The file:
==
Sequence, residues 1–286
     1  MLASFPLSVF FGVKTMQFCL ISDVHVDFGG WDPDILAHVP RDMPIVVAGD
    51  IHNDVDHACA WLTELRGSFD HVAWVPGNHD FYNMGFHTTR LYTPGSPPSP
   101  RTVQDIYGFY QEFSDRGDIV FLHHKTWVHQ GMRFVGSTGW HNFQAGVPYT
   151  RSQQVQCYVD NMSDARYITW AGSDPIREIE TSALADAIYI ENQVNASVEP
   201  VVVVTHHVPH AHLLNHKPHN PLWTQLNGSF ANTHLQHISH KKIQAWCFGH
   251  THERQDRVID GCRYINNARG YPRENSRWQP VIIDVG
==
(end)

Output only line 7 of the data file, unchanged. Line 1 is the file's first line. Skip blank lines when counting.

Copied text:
   251  THERQDRVID GCRYINNARG YPRENSRWQP VIIDVG